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Long-Term Storage Deficit Seen Growing; August Gains

August natural gas futures rose Monday as traders anticipated the long-term storage deficit becoming wider. At the close August futures had risen 5.2 cents to $4.363 and September had added 4.1 cents to $4.371. August crude oil bounded higher, posting a gain of $1.95 to $96.89/bbl.

Top analysts see the longer-term storage deficit widening as warmer-than-normal temperatures prompt refills less than the five-year average.

"The natural gas market has...probed higher levels [Tuesday], although the tropical Atlantic Basin remains quiet and the temperature outlook little changed from where it was on Friday," said Citi Futures Analyst Tim Evans in a note to clients. "The outlook for warmer-than-normal temperatures has been extended through July 19, but it looks to us as though there's enough supply for the warmer temperatures to translate into near-average storage injections for the week ending July 22. The year-on-five-year storage deficit of 63 Bcf as of June 24 will widen moderately to 88 Bcf as of July 22, according to our model. Time will tell whether that proves supportive enough to wedge prices higher or whether disappointment leads to a further round of long liquidation once temperatures moderate. We continue to see risk that prices could fall to the $4.00 area over the next few weeks under this scenario."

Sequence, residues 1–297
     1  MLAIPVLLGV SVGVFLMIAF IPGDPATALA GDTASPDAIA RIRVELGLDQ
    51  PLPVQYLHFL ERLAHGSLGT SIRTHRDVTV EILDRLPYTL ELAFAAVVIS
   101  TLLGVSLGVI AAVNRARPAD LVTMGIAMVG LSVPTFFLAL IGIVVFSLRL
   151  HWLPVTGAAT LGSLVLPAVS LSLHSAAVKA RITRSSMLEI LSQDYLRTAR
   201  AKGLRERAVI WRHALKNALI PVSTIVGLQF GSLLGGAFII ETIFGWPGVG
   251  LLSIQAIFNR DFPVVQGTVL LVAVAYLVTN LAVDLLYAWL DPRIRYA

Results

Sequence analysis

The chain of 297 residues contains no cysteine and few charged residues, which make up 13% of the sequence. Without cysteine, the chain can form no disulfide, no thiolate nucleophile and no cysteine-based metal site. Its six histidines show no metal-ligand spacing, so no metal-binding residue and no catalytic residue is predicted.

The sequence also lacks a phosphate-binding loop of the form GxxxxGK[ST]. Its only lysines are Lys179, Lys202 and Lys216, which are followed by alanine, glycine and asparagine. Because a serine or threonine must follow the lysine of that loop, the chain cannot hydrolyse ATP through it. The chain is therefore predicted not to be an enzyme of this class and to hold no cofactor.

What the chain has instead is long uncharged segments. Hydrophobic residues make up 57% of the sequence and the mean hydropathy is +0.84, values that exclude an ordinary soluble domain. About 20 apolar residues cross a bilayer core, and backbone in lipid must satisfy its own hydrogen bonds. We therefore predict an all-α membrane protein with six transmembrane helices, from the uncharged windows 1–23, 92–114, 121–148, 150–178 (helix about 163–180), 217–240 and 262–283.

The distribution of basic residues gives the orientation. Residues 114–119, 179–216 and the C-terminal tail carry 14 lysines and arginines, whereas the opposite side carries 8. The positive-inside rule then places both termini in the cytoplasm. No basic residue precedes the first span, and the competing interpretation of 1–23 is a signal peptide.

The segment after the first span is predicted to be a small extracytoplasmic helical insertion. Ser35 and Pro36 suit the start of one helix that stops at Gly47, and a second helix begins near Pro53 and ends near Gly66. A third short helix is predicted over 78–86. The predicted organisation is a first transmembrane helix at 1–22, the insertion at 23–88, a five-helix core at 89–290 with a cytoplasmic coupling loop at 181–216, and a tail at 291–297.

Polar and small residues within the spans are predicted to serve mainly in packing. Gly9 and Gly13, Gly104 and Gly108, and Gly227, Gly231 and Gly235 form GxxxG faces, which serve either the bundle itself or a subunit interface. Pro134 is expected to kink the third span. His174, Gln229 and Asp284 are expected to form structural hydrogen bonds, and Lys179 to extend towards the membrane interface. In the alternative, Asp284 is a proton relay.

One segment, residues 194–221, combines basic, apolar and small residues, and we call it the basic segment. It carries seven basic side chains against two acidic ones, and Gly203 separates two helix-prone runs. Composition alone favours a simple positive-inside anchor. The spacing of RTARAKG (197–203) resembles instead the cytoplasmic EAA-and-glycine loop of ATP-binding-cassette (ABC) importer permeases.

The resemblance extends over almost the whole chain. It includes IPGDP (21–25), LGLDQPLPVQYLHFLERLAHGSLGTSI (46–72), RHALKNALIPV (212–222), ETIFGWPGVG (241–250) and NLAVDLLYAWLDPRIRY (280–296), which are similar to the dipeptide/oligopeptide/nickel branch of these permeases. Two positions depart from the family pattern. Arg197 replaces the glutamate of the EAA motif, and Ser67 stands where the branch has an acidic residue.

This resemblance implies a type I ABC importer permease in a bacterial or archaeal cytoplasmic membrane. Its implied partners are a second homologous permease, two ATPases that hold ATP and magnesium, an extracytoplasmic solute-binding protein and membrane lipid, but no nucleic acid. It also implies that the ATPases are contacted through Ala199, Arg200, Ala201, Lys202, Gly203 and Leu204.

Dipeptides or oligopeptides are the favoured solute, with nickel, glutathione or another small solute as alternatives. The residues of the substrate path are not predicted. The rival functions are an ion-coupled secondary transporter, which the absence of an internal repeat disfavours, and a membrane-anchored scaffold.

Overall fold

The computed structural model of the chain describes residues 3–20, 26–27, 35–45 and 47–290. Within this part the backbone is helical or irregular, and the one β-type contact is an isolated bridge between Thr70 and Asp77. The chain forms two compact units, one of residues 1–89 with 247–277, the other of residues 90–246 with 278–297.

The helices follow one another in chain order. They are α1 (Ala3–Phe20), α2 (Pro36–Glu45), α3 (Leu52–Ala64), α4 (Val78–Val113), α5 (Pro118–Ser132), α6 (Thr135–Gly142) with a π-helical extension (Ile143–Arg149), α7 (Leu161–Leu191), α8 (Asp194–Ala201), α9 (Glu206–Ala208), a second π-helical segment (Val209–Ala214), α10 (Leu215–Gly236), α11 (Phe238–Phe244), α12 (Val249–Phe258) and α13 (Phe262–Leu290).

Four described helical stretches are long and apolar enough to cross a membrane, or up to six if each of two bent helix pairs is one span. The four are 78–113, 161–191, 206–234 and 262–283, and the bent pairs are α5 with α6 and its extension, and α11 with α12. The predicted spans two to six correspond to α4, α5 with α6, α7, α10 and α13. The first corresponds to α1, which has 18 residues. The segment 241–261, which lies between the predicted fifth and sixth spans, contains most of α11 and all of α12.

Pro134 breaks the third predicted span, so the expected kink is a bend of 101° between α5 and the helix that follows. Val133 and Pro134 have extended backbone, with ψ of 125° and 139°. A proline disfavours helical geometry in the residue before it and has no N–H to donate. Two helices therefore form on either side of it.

Production continues at a robust pace, and that support may be difficult to come by. Peter Beutel of Cameron Hanover observed that "Last week, the EIA [Energy Information Administration] reported Lower 48 gas output at its highest level in six years, at 69 Bcf/d. Continental production is a much larger proportion of U.S. gas output now than it was after Hurricane Katrina (2005)."

Market technicians see the natural gas market caught in a long-term triangle congestion pattern characterized by a series of lower high prices and higher low prices going all the way back to the fall of 2009. At some point the market will break out of this pattern and Walter Zimmermann of United-ICAP says, "Bears need to break below the $3.890-3.590 support zone. Bulls need to break above the $5.000-5.500 resistance zone.

"We know for a fact that getting long natgas below 20% bulls on the Market Vane 'Bullish Consensus' [indicator] has been a very profitable strategy for over two years now. What we do not yet know is whether the recent 21% bulls indicates enough shorts are on board to spark a multi-week rally."

Forecasters are calling for mainly normal temperatures across Midwest and eastern energy markets. Commodity Weather Group in its six- to 10-day outlook calls for occasional heat but not at June levels. Above-average temperatures are predicted for a broad ridge bounded by North Carolina, central Iowa, southeastern Colorado and West Texas. Idaho and portions of the Pacific Northwest are also expected to be above normal.

"Temperatures are pulling back this week across the Midwest and East after last weekend's stronger heat levels, but there are indications of another surge of hotter weather into the Midwest and East early next week," said Matt Rogers, president of the firm. "This one should peak at about the same levels (low to mid 90s) and not reach the hotter levels seen in June. Otherwise, the South and interior West continue to see the most persistent heat opportunities over the next two weeks."

The tropical Atlantic is quiet, although the National Hurricane Center in its 2:05 EDT report said it was following two tropical waves, one extending from 20N 42W to 11N 47W and the other from 22N 87W to 15N 85W.

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